At a first glance, Donald Trump’s proposed peace agreement between the Israelis and the Palestinians, officially titled Peace to Prosperity, appears positive. For decades, successive US Presidents have claimed to support the two-state solution to the conflict, which would entail both Israel and Palestine being recognised as states, each with their own government, clearly defined borders and a place at the United Nations. The current situation sees Israel as a recognised state, but the Palestinians continue to be one of the most widely known examples of a stateless people. Despite claiming to support this policy, no US President until Donald Trump has actually proposed a concrete peace deal which would oversee the creation of a Palestinian state with a capital in East Jerusalem, and contain a detailed plan as to how to achieve this. President Trump and Israeli Prime Minister Benjamin Netanyahu have described the agreement as the “deal of the century” and a “win-win opportunity for both sides.”
However, there remains one central problem with Trump’s proposed deal – the fact that the Palestinians were not consulted at all. The only parties to this deal have been the United States and Israel, and, as expected, the deal is still heavily biased towards the Israeli side. For the Palestinians, this deal is not a “win-win” as President Trump has claimed. The most contentious issues with regards to the Israeli-Palestinian peace process have been the status of Palestinian refugees, the construction of illegal Israeli settlements in the West Bank, the symbolism of Jerusalem and the fact that the Palestinian territories of the Gaza Strip and the West Bank are located on opposite sides of Israeli territory, the borders of which are also highly disputed. President Trump has put forward the idea of a tunnel through Israeli territory which would link the two, which has been accepted by Israel. With regards to problems of settlements and Jerusalem’s status, though, the Israelis come out on top. Following the 1967 Six Day War, in which Israel defeated the combined forces of Egypt, Jordan and Syria, Israeli civilians have built settlements in the territories of the West Bank which were occupied by their nation’s troops.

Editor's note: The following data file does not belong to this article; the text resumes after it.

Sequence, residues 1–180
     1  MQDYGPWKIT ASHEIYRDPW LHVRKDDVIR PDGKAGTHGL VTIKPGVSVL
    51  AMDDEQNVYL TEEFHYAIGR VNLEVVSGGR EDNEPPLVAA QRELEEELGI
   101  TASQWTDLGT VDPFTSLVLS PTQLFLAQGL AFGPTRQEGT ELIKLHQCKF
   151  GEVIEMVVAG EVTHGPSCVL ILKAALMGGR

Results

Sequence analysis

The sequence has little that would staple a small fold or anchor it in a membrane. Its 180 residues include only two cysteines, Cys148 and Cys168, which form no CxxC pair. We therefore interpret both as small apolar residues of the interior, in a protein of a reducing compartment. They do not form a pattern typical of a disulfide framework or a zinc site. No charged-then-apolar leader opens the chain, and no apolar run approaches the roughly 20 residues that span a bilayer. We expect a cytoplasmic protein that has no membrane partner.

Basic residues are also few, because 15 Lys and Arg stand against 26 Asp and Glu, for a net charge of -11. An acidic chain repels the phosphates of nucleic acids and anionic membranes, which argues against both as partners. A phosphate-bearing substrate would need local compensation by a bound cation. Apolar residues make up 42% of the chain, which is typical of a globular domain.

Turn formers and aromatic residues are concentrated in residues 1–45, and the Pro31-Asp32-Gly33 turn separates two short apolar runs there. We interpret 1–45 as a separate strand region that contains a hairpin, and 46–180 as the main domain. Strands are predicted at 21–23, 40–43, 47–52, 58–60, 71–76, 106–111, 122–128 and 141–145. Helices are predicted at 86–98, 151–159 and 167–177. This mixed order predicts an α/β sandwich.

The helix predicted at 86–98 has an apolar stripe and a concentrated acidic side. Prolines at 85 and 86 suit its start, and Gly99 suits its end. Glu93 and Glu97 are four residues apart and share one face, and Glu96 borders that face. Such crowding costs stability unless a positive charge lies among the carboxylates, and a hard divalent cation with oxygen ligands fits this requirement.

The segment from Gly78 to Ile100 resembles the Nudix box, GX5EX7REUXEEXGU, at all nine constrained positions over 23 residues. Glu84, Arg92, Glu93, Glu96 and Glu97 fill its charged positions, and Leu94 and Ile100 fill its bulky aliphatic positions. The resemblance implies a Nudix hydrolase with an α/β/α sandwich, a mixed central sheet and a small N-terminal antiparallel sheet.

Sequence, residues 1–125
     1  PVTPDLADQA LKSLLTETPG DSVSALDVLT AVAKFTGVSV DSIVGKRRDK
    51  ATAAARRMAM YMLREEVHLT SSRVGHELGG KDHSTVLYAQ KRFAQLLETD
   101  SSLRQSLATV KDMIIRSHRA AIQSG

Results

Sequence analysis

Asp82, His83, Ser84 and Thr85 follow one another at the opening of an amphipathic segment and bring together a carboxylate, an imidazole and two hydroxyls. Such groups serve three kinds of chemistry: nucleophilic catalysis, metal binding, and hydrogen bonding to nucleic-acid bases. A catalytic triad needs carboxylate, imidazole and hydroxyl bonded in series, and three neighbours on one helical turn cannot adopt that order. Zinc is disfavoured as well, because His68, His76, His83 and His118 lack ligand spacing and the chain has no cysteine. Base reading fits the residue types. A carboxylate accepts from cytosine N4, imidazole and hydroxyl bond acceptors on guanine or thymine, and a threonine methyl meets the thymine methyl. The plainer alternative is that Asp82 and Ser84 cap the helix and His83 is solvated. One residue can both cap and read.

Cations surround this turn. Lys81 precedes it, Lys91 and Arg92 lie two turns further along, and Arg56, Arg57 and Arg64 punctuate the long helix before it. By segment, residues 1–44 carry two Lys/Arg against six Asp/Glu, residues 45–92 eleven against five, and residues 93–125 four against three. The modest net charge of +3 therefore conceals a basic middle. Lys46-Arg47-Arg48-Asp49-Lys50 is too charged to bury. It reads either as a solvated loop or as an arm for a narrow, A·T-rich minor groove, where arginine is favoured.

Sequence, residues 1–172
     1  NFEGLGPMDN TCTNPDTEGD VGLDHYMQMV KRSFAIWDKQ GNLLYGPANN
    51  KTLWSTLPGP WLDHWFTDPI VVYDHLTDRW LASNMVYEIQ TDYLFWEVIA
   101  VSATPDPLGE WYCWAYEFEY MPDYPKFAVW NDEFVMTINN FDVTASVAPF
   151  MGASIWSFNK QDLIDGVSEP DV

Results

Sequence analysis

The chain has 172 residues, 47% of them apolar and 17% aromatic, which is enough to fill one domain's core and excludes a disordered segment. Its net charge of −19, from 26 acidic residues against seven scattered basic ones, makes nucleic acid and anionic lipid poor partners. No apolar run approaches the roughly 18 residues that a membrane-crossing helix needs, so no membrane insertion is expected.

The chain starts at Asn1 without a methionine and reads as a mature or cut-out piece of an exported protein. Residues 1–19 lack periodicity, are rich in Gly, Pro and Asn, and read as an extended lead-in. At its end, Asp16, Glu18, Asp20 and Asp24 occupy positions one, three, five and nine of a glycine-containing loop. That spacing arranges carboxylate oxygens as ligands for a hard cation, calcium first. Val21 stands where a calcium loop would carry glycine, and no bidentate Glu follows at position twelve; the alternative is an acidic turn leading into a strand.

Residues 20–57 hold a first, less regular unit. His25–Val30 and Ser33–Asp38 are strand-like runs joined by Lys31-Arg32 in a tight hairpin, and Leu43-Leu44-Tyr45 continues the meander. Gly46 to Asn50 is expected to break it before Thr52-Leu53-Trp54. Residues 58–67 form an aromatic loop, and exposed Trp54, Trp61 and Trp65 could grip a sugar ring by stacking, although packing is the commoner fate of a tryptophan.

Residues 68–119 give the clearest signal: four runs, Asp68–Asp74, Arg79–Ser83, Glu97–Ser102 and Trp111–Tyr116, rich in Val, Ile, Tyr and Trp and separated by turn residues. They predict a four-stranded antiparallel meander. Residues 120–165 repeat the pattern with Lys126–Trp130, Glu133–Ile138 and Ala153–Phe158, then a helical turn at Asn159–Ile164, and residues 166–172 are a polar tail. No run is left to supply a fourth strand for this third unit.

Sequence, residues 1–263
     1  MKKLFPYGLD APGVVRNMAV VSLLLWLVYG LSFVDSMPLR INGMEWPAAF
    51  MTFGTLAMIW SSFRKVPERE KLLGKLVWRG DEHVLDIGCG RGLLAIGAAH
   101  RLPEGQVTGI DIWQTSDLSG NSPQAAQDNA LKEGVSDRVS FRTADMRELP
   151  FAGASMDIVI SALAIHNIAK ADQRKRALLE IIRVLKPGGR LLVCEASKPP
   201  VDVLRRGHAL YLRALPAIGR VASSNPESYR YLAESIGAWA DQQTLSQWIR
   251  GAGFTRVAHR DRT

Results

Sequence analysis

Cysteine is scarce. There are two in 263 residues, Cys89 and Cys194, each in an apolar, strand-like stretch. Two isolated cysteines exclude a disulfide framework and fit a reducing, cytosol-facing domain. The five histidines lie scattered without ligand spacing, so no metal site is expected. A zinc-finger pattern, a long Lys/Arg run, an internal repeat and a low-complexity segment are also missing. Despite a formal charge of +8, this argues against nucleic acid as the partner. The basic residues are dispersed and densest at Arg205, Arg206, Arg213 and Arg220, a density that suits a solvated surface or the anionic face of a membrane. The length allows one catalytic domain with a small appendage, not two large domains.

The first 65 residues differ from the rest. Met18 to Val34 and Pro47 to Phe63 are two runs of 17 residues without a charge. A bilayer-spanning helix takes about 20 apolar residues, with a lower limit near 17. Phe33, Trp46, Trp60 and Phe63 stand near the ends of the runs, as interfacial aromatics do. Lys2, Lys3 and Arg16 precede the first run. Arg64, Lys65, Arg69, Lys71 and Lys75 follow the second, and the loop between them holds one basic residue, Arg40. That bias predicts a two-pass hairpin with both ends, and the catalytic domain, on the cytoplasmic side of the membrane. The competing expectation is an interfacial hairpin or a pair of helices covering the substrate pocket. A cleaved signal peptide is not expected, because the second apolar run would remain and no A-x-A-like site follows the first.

Despite the United Nations deeming these settlements illegal, Donald Trump’s peace agreement recognises these settlements as being an integral part of Israeli territory. Immediately after Trump’s announcement of the agreement, Netanyahu announced that Israel will be annexing the West Bank settlements as well as the Jordan Valley. Although the deal does also contain the clause that Israel should freeze any further settlement building, this is only conditional for four years. Once this time period has elapsed, the Israelis will be free to begin construction once again. This is completely unacceptable to the Palestinian side, as it legitimises one of the things they have fighting against for decades – further Israeli expansion into their land. The Palestinians, as well as many other actors on the international stage, including activists around the world, would rather see Israel’s borders be scaled back to what they were prior to the 1967 war or even further back to what they were in 1948. Further fuelling the anger is the fact that Palestinian refugees, who number around 5 million and are spread throughout the region, are also denied the right to return to their former homes in Israel without Israeli approval.
The agreement will see Palestine getting its own capital in East Jerusalem, but again the Palestinians feel they have been given the short end of the stick. The area of “East Jerusalem” which will form the Palestinian capital is in actuality a handful of grim neighbourhoods which have been described variously as “slums” and “gang-ridden”, and are in many cases separated by Israeli communities and road networks. The status of Jerusalem has long been a central issue to the peace process, as the city contains Holy Sites which are hugely symbolically important to Jews, Muslims and Christians alike. Under President Trump’s agreement the Temple Mount, on which the third holiest site in Islam, the Al-Aqsa Mosque, is built, will be within Israeli territory. When President Trump first began to address the issue of the decades-old Israel-Palestine conflict in 2017, he promised to bring fresh ideas to the table and stated that “both sides will have to compromise.” Upon meeting the US Commander-In-Chief for the first time, Palestinian President Mahmoud Abbas praised him by saying “with you we have hope.”
The deal President Trump has crafted has undone all of this, and it appears it is solely the Palestinians who have had to compromise whilst the hardliners in Israel have had to give up nothing. Abbas has condemned the deal, and Palestinians have taken to the streets to protest, setting fire to the American flag. The whole affair is part of an increasingly volatile foreign policy towards the Middle East by the Trump administration. When elected in 2016, Trump appeared to embrace a policy of near isolationism, calling for an end to US interventions in other countries. Although he has overseen the withdrawal of troops from Syria – which in itself was controversial, as it allowed Turkey to invade Syrian-Kurdish territory – this one-sided agreement, in addition to the escalation of tensions with Iran and continued military operations in Afghanistan, does not represent this kind of policy.
If you wish to respond to any of the issues discussed in this article, please contact email@example.com.
Image: Appendix 1, Peace To Prosperity (https://www.whitehouse.gov/peacetoprosperity/)